From Mad Men to Math Men: Why Big Data Analytics May Not Be For You, Just Yet.

May 11 2016

Marketers have gone from Mad Men to Math Men and are relying on data Mad Men - an American TV series about an advertising agency in the 60's

Do you remember when marketing was associated with inventing original slogans and funny TV commercials? The image of the marketing team as the creative bunch in the company, attending hour-long brainstorm get-togethers while sipping Scotch, is long gone. Today it’s all about processes, analysis, and technology; choosing target markets through market analysis and segmentation and understanding methods of influence on the consumer behaviour1. And it’s all being monitored closely to determine the Return on Marketing Investment2. Nowadays the ‘Mad Men’ has more or less turned into ‘Math Men’.

All of these new marketing disciplines are pursued with the overall purpose of creating better and more personalized customer experiences by meeting the customer where they are and when they want to be engaged. So how do marketers help create that?

Today, everybody is talking about data-driven marketing. And if there’s one thing all of these new marketing disciplines have in common, it’s data. You’ve probably heard that “data is the most valuable asset your company has” or maybe that “data is the new oil”. That’s not totally wide of the mark. According to a survey from Association of National Advertisers and McKinsey & Co., 96 percent of CMOs think that making “data-informed decisions” is crucial to their company’s performance.3

Why you need to Start by Building a Robust Foundation for Successful Big Data Analytics
Latest addition to being data-driven is Big Data and Analytics. It’s hard not to feel left behind if your business is not already taking on Big Data initiatives. New research concludes that: ”Big Data analysis, or the mining of extremely large data sets to identify trends and patterns, is fast becoming standard business practice.”4 And that: “Those that use Big Data and analytics effectively show productivity rates and profitability that are 5 – 6 percent higher than those of their peers. (…) companies that put data at the center of the marketing and sales decisions improve their marketing return on investment by 15 – 20 percent.”5

It’s reasonable to conclude that if you haven’t started yet, you better begin collecting tons of data about your customers and prospects, their habits and preferences, via social media, RFID tags, and GPS. The aim is to uncover hidden patterns, unknown correlations, market trends, customer preferences and other useful business information that can increase the value of your marketing and sales efforts.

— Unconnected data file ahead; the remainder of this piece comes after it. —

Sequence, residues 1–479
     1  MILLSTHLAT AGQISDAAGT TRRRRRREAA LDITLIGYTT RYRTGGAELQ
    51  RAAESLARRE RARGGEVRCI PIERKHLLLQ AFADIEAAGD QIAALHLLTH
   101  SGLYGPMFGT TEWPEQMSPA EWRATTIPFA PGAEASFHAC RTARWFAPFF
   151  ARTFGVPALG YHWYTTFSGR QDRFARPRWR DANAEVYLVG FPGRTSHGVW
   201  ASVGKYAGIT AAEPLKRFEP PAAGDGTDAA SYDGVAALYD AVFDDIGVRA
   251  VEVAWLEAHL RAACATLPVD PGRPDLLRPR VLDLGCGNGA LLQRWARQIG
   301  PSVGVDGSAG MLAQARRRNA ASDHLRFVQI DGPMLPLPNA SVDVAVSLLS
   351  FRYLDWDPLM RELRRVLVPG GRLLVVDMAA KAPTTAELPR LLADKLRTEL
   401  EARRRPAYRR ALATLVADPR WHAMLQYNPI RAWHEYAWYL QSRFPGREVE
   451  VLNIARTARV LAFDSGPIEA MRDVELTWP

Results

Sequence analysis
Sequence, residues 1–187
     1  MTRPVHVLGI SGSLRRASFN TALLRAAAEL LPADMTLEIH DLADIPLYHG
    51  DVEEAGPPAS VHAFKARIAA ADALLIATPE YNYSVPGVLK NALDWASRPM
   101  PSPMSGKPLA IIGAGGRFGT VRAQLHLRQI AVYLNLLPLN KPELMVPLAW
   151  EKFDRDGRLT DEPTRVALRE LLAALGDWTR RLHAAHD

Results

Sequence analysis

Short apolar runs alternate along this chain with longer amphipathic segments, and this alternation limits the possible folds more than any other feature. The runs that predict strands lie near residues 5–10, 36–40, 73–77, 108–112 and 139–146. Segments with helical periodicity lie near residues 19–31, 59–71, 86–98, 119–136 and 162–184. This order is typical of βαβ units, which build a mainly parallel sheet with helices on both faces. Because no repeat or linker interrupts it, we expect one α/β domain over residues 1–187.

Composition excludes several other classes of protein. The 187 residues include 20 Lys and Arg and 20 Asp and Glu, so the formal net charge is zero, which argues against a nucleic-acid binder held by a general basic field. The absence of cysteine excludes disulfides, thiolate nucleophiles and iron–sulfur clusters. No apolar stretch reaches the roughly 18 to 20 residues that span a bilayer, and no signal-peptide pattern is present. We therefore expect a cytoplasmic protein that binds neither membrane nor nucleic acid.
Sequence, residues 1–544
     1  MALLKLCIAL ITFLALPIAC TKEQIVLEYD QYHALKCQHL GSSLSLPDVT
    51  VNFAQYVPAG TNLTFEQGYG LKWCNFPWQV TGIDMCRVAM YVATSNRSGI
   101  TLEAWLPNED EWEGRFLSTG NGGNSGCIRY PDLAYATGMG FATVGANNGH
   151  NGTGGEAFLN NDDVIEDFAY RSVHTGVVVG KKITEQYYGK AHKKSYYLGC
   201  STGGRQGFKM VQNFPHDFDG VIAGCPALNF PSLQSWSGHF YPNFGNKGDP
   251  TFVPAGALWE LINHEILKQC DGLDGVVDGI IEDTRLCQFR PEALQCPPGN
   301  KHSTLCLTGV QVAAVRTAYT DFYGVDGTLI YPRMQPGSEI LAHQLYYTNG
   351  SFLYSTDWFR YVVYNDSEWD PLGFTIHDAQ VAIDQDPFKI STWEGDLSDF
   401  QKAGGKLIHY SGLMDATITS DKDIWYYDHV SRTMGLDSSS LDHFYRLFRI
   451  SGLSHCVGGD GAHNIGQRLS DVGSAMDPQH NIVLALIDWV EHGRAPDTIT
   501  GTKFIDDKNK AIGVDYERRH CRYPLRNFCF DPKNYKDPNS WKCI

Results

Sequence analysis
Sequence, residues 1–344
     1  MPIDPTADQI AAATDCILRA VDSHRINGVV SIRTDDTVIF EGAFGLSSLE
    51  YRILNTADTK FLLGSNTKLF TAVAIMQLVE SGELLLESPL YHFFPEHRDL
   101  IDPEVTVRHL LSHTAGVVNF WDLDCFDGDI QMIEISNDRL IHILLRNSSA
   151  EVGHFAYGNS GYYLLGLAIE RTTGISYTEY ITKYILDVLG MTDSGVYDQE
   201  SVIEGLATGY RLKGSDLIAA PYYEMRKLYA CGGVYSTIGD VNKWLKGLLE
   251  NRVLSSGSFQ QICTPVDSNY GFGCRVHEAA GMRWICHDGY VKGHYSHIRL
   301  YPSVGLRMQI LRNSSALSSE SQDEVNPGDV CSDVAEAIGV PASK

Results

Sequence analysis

Yes, Big Data Analytics offer endless possibilities for your business. No one can deny. But - hold your horses - before anyone can start and finish a Big Data project successfully, one must master the very basics: the quality of your master data and the way to handle this data.

Ask yourself following questions:
• How do you (plan to) store, manage and govern all the new data from your Big Data Analytics Solution?
• How can you take action against bad customer reviews and poor social comments if your systems are not capable of ‘talking’ with your customer and product data? What if your customer and product master data isn’t updated or perhaps even wrong?
• How do you (plan to) make big data insights actionable across the entire organization?

Without the supporting foundation in order, your house will collapse. In other words: If your master data is inaccurate, the results of all your Big Data efforts will be too. Therefore, it is a bit worrying when 62 percent of CMOs feel that data is not shared within their companies6 and when 87 percent of marketers say that data is the most underutilized asset in their organization.7

Most marketers still struggle with aggregation, alignment and analysis of data across disparate sources. A recent CMO Council Study found that 48 percent of marketers indicate that data is collected and analyzed but remains separate and is not well aligned. Only 3 percent say their current data sources are integrated and totally aligned, delivering a comprehensive 360-degree view of the customer.

So before you even think of utilizing Big Data strategies, first things first: Make sure you master data is managed in a proper data platform that safeguards the quality of your data and is able to share it across systems and departments.

Your data – also your Big Data - is only as good as the system and processes that collect it. That’s why a Multidomain Master Data Management solution should be the foundation of your marketing efforts.

Checklist: Do you Need MDM?


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